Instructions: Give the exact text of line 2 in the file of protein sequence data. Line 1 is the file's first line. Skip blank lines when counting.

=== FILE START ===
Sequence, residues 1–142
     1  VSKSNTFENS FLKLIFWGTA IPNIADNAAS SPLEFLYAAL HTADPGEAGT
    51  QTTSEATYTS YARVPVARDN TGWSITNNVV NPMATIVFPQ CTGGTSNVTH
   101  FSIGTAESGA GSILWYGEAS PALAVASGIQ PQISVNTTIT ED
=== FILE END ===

     1  VSKSNTFENS FLKLIFWGTA IPNIADNAAS SPLEFLYAAL HTADPGEAGT